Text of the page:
Battling bloodsuckers

Battling bloodsuckers

Along with my best friend from schooldays and my reluctant husband, I decided to try out a resort. This, then, is the story of that adventure...

Both Usha and I were bird lovers, and we enjoyed, with binoculars in hand, our morning walks through deserted roads and misty trails. Spider webs glistened silver with dew, drongos chased each other, squabbling like noisy children darting and weaving in front of us.

The highlight of our trip was the trek through forest. We did not intend to climb all the way as it had rained the previous night, and the slopes were slithery with wet leaves.

It was idyllic in many ways. Bright butterflies hovered around us; streams gurgled and flowed beside us and tall trees stood like sentinels.

However, we had forgotten to put on our gumboots that were coated with repellents. Never having encountered leeches, we had no idea what to expect. After a sumptuous breakfast we set off with our loquacious guide up the slippery slope.

Suddenly, Usha pointed to my jeans and asked: “What is that stain on your knee?” I looked down, saw a moist patch on my right knee, and said: “Maybe I spilt some coffee at breakfast.”

We continued for about half an hour when Usha again said with a troubled face: “Maya, your coffee stain is growing. I looked down, and sure enough, it was a big patch now, visibly enlarged. I lifted my leg to see what it was, and a huge fat creature dropped off. The guide remarked with astonishing calm: “It is a leech, madam. I stared at him horrified and croaked: “You mean that is blood, and it is all mine?!”

“Yes, madam.”

I was appalled. Did I have so much blood in my knee? I thought it was made of bone or something. But why did I not feel anything while it was feeding off me?

The clever creature apparently first anaesthetises us with an ingredient in its saliva, and when the area is numbed, it bites and then gorges itself on our blood.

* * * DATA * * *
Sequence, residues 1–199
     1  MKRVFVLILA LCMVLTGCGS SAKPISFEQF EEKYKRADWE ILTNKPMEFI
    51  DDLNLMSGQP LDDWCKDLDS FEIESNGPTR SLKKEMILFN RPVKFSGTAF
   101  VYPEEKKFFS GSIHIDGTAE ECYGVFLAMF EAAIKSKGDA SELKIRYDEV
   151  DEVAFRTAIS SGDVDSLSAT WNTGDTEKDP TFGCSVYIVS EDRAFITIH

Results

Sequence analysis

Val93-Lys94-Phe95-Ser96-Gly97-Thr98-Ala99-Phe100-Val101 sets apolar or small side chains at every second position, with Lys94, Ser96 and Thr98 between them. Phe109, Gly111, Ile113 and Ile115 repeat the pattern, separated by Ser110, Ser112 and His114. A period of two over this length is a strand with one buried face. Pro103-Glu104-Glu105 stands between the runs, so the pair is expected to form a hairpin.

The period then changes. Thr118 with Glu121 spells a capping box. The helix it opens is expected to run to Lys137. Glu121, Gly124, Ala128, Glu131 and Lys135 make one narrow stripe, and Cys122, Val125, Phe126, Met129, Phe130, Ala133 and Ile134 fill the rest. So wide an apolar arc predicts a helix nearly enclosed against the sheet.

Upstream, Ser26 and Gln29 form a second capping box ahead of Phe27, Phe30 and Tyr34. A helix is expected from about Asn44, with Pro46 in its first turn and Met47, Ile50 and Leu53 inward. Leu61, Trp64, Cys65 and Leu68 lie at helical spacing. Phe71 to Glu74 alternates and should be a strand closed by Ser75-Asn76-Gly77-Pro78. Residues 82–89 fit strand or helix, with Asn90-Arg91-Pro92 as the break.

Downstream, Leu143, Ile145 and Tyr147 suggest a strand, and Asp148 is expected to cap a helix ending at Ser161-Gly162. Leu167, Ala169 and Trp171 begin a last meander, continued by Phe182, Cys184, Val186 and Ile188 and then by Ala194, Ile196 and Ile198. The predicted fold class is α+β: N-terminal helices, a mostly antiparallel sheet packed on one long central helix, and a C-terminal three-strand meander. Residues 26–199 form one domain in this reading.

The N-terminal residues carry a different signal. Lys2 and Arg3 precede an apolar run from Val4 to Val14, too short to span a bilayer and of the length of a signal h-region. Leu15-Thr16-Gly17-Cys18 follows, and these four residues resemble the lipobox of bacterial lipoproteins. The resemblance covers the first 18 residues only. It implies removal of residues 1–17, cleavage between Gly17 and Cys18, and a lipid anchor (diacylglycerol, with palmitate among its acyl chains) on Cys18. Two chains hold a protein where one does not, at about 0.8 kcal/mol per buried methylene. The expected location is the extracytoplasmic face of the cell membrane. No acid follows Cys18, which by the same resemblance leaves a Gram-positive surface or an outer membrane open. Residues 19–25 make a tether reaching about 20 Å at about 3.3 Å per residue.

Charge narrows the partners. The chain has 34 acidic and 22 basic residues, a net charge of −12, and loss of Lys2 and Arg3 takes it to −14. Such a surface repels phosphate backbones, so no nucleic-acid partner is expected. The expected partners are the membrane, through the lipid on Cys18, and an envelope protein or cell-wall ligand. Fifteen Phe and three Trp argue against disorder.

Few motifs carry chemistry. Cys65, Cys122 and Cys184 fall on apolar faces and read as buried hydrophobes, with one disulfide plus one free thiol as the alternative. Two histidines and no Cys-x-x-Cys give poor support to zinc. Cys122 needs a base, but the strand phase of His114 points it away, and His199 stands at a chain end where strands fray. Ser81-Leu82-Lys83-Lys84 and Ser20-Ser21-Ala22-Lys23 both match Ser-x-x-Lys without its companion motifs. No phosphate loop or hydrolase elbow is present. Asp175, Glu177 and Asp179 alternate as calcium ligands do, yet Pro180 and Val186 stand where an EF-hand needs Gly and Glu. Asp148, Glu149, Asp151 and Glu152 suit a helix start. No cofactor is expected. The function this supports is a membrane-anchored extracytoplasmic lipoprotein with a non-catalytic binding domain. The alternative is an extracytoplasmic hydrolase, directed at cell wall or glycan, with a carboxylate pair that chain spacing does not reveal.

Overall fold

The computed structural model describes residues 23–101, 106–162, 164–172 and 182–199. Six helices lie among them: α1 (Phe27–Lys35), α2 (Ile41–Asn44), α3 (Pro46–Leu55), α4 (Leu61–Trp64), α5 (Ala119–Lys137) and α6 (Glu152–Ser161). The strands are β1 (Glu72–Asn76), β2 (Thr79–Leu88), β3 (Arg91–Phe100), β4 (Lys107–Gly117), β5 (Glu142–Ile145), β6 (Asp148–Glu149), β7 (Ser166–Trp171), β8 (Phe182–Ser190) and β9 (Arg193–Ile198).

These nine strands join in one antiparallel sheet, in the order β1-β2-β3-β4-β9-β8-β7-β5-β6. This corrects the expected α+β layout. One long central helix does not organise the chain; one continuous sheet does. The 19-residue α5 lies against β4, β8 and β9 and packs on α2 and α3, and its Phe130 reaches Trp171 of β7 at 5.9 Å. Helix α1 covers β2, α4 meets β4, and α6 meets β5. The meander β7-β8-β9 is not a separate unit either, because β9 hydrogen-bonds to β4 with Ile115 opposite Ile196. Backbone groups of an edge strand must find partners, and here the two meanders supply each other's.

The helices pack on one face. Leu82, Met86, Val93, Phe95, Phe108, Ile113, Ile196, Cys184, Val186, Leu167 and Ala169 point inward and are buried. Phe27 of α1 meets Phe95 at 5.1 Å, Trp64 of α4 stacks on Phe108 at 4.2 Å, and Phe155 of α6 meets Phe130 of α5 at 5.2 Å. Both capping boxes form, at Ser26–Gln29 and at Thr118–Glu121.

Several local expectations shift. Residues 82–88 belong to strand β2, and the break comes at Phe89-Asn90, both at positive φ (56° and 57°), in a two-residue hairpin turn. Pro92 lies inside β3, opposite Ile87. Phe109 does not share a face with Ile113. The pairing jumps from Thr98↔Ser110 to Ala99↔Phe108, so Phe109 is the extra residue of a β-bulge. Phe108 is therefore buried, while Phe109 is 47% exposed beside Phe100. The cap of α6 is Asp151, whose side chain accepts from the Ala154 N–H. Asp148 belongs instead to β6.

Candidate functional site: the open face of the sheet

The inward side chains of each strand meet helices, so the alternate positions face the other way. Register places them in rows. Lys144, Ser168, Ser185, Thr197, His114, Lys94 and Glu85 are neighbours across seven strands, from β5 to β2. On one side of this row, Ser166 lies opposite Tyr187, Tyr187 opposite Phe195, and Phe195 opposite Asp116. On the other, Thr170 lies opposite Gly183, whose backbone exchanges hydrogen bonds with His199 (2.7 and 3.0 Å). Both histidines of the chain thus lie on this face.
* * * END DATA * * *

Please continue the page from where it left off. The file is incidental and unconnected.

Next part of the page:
From then on it was nightmarish. Usha and I would stop at every available opportunity and do a weird war dance to check out if there were fresh leeches on us, and most of the time there were. And we, of course, itched a lot on arms and legs; I even found one on my waist! Our guide said that he had never seen so many on one person — he meant me.

My husband gloated that it must be all that snacking in the middle of the night that leads to rich tempting blood. He spoke too soon, for he discovered them too — but nowhere in the vicinity of the numbers that dropped off me. The guide muttered to himself every now and then looking at me with wonderment. And because we itched so much, and we attempted to pull them out, we suffered for almost a week after we returned, discovering angry red patches on our bodies.

We did not receive any empathy from the resort owner. She just went into raptures over leeches and talked about the efficacy of those creatures in medicine. In retrospect, there has to be a first time for everything, and how many of us city slickers have had an encounter with leeches?

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